Meipian does have a subscription model that allows its members to get access to more privileged functions, like more formatting and background music choices for their long blog posts. However, this attempt at monetization doesn’t sit well with some of its users. Wang, who now pays a 198-yuan annual members fee, hopes the platform could be more “non-profit” and don’t charge any fees. “Users like me have come to the platform and made it big…Though it’s a small charge to us, it may hinder the site’s development,” he explains.

A report by AgeClub in April 2021 pointed out that Meipian is not the only platform targeting the middle-aged and elderly that have faced challenges in commercialization. They primarily rely on advertisements because this demographic, especially older individuals “don’t trust online payment, as they don’t know much about the internet.”

An employee of Meipian under the pseudonym Wang Fan also told Portraits that they had difficulty recruiting users for their paid offline activities, including photography-themed tours and book clubs. “Few people would come if the fee is higher than 300 yuan, which is the overhead cost…Long-distance trips at 1,000 yuan or more hardly ever happen since [we are rarely able to] recruit the minimum of 10 members,” Wang said.

Seniors taking a photo editing lesson at an Apple store (VCG)

Seniors taking a photo editing lesson at an Apple store (VCG)

Previously, Meipian tried to increase the cut of profits it receives from the “tips” readers give to content creators from 5 percent to 30 percent. This became its most profitable source of business in the first half of 2019. However, it alienated a large group of users, who called this policy a “robbery.” In response, the platform lowered its cut back to 2 percent, and reduced ads on the platform, which led to a revenue deficit of 30 million yuan in 2019.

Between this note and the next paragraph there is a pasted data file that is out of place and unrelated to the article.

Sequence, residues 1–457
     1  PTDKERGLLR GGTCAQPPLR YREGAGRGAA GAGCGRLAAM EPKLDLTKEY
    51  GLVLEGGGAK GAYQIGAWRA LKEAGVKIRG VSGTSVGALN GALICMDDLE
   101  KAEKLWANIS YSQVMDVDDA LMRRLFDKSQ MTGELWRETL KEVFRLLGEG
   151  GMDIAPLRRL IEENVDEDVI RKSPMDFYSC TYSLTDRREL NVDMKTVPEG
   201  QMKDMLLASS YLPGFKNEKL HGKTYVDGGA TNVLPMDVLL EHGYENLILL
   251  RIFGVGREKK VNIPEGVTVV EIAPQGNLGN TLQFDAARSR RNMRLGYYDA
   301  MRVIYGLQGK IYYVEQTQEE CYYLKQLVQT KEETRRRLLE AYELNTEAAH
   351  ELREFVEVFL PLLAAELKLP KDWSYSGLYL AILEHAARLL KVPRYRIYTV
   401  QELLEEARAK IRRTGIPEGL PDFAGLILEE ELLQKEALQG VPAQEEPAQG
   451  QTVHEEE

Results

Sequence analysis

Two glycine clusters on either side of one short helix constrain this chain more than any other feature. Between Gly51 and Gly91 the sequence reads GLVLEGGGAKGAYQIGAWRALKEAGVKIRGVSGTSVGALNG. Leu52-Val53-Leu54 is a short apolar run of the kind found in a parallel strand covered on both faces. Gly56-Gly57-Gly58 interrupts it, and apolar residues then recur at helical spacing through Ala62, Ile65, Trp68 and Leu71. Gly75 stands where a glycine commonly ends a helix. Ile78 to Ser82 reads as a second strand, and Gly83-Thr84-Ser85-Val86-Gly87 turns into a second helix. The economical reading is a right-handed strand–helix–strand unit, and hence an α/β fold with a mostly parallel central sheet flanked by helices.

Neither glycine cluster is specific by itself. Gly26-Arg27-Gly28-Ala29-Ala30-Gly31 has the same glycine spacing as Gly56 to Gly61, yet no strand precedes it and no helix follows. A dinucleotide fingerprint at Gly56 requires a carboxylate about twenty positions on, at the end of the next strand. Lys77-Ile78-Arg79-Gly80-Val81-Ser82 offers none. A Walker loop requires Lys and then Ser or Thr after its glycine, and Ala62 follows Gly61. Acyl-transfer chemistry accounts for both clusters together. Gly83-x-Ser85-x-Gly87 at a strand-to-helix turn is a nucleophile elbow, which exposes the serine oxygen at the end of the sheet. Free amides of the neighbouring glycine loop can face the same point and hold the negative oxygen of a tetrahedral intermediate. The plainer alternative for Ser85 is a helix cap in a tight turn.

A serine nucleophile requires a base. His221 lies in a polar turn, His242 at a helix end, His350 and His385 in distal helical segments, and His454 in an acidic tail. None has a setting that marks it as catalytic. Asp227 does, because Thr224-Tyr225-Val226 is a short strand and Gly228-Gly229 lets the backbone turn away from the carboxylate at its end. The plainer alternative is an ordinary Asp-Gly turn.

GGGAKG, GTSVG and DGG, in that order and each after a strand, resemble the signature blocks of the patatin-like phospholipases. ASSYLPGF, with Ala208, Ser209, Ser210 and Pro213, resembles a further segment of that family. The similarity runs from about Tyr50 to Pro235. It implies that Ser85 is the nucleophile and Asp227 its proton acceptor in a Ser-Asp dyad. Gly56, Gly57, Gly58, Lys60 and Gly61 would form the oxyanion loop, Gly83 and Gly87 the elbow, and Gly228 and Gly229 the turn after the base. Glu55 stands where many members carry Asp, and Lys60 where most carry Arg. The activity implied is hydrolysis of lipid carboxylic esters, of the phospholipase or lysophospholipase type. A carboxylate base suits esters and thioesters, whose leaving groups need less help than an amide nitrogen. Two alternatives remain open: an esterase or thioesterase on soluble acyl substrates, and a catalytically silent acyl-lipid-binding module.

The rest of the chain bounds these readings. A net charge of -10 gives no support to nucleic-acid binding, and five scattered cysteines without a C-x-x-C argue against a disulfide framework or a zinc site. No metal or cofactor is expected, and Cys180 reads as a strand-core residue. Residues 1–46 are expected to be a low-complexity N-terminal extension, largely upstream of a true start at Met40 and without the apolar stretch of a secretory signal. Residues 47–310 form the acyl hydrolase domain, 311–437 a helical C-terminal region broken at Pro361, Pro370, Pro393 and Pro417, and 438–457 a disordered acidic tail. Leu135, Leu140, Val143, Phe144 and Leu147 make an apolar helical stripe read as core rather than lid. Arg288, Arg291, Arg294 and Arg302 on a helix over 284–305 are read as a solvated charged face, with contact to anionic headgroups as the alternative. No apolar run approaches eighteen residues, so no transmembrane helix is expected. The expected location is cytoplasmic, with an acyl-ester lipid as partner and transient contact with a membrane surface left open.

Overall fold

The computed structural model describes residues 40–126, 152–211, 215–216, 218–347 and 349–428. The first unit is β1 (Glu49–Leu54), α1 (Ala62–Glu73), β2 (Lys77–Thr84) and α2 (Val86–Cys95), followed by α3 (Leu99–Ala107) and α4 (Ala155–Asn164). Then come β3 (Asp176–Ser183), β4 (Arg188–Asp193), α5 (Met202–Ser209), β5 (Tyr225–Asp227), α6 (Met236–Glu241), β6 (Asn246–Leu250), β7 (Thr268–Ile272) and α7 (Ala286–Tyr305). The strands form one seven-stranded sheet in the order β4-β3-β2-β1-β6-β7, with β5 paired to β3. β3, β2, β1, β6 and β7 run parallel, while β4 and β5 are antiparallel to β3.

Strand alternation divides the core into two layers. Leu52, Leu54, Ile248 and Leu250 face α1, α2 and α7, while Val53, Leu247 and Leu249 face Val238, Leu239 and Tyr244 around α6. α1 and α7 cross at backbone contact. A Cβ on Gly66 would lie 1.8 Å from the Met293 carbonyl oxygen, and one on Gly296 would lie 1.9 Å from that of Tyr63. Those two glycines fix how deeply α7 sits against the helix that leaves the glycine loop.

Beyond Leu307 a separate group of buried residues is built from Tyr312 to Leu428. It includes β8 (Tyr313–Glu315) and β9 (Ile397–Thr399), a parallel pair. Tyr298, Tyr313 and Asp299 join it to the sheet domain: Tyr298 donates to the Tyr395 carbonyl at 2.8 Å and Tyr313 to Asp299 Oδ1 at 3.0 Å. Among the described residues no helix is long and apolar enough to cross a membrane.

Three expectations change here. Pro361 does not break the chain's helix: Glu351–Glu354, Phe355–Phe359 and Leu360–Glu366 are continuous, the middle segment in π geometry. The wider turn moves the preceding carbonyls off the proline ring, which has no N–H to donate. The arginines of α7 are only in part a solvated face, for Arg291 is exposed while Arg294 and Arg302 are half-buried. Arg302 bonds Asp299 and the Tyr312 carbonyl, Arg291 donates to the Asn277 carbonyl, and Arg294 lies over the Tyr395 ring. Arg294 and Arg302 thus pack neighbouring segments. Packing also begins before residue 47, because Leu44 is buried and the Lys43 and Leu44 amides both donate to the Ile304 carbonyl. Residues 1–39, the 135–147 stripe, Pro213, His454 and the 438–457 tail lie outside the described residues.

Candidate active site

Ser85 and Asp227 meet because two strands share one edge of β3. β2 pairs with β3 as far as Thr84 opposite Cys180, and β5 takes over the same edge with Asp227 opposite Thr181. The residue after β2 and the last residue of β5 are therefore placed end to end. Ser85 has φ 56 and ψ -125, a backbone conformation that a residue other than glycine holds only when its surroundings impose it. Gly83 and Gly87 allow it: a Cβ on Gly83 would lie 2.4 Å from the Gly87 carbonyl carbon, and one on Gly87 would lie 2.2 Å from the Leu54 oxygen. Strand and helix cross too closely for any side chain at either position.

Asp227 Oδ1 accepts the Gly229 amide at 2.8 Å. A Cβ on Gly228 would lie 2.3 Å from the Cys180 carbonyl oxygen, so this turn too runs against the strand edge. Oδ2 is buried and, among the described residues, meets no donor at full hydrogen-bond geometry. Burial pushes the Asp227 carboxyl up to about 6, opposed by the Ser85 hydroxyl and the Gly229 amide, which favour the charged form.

Some of the platform’s earliest users are growing dissatisfied with their experience. According to Qing Feng, some of her friends, including a Chinese professor who introduced her to Meipian, have not updated on the platform for years. Qing Feng feels that Meipian struggles to maintain its earlier, more educated users like her as it has “lowered its threshold,” while Wang feels that some promoted posts on Meipian have become “really terrible in quality,” including some that feature advertisement and violent language.

Still, he cherishes the platform for being the few places he can still go to express himself, even requesting TWOC not to report on negative experiences of the platform that might impact its development.

Having heard about the platform’s financial problems, Wang is concerned it may disappear just like other blog sites. “What will happen to our content?” he wonders. Whether the platform will eventually figure out a way to monetize its community, or fade into history like earlier bulletin board systems and blogging platforms, remains to be seen.

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author Tan Yunfei (谭云飞)

Tan Yunfei is the editorial director of The World of Chinese. She reports on Chinese language, food, traditions, and society. Having grown up in a rural community and mainly lived in the cities since college, she tries to explore and better understand China's evolving rural and urban life with all readers.